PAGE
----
According to the new Welsh Power Report, there are a number of concerning trends relating to women in politics and public life.
Released to mark International Women’s Day on March 8th, data revealed in the report indicated that the proportion of female Assembly Members and Welsh MPs is in decline.
It was noted that there are five women missing from the National Assembly and 13 from the 40 Welsh members of the House of Commons, while the report also highlighted the fact that Welsh local government lacks close to 300 women.
Stephen Brooks from the Electoral Reform Society stated the report shows how women in Wales are still being “systematically locked out of power”.
“Whether it’s jobs, the NHS or school standards, Wales faces a massive set of challenges. We need all hands on deck and cannot as a country afford to exclude people on the basis of their gender,” he said.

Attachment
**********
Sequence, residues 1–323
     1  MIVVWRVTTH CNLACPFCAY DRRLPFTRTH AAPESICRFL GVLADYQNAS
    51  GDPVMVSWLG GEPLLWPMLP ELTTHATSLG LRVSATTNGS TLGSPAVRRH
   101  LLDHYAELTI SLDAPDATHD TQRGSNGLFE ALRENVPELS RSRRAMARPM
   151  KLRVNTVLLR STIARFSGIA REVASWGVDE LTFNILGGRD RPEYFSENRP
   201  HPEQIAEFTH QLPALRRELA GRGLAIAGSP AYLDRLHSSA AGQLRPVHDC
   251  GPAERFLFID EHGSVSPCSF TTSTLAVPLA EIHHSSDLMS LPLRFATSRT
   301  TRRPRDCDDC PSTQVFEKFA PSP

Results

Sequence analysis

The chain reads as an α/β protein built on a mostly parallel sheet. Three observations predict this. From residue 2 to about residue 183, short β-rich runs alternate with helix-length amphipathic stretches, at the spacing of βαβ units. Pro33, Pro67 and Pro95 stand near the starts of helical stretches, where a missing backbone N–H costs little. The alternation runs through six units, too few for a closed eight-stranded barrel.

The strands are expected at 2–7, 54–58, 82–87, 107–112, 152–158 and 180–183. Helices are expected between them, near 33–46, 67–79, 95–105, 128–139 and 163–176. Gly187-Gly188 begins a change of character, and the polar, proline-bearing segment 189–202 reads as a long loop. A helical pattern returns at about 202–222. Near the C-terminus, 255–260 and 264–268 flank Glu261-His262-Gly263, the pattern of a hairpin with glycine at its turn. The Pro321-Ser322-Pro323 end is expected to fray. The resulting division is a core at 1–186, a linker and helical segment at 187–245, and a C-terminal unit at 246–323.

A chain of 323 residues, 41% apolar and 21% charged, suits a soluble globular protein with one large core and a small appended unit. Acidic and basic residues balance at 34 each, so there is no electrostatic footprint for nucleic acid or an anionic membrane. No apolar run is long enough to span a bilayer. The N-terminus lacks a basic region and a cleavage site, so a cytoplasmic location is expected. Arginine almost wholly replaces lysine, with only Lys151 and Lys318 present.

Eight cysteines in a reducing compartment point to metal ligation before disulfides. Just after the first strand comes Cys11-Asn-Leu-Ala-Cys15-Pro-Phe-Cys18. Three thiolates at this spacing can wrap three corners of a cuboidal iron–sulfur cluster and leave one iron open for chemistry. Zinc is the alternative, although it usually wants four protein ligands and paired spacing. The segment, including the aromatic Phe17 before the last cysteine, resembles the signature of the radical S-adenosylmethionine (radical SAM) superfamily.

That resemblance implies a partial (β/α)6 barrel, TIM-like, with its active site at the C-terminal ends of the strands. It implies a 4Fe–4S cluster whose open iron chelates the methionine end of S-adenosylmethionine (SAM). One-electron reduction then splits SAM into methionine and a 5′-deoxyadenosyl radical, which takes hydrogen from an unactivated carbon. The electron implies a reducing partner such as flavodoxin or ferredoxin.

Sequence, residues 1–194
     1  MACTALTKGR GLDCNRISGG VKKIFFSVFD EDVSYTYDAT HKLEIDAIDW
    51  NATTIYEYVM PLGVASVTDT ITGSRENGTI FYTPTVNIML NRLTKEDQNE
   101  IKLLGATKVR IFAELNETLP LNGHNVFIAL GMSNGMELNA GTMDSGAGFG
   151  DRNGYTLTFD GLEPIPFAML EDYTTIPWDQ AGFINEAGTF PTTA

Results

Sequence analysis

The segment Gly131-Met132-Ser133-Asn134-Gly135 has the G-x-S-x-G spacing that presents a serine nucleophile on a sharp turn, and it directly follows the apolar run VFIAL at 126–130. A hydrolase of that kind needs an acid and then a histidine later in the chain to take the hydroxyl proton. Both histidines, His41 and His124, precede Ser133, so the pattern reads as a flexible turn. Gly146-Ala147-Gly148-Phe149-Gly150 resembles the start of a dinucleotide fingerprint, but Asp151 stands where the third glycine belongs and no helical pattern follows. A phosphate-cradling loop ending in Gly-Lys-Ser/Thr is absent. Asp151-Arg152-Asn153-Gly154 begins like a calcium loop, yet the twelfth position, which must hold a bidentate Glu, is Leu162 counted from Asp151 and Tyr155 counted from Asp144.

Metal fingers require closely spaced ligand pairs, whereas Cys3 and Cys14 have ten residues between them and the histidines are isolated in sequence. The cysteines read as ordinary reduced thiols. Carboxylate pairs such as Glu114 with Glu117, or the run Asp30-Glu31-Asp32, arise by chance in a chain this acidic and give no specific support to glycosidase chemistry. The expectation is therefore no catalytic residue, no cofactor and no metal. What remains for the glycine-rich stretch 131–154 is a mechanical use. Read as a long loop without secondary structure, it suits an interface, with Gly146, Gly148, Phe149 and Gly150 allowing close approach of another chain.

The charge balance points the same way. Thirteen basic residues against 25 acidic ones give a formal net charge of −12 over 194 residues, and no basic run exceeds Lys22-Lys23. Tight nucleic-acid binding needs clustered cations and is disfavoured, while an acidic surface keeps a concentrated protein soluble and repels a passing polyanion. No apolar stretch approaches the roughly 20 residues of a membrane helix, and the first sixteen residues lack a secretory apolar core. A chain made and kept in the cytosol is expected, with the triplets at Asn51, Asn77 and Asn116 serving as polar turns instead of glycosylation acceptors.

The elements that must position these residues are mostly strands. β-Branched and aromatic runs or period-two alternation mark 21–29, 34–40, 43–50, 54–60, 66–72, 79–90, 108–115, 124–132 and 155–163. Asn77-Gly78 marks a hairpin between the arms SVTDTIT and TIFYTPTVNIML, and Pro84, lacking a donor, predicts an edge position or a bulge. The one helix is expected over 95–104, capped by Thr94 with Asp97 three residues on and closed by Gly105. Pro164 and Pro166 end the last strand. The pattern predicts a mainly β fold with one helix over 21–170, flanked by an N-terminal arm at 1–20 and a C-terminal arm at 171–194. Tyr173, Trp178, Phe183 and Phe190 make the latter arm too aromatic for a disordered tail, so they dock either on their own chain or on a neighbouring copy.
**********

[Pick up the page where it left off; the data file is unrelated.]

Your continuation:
Mr Brooks called for political parties to analyse whether they can do more to encourage females into public positions and said all four party leaders ought to make a public commitment today that they will “redouble their efforts ahead of the next election”.
It was pointed out by the Electoral Reform Society representative that even though it is now almost a century since women won the right to vote, the level of women’s representation in parts of Welsh public life remains “unchanged from the time of Lloyd George”.
He also noted how a woman born in Wales stands more chance of being prime minister of Australia – with the nation’s leader currently being Julia Gillard from Barry – than a Welsh Conservative or Plaid MP.
Employment of women has improved since the rise in the state pension age, research carried out by the Institute of Fiscal Studies recently revealed.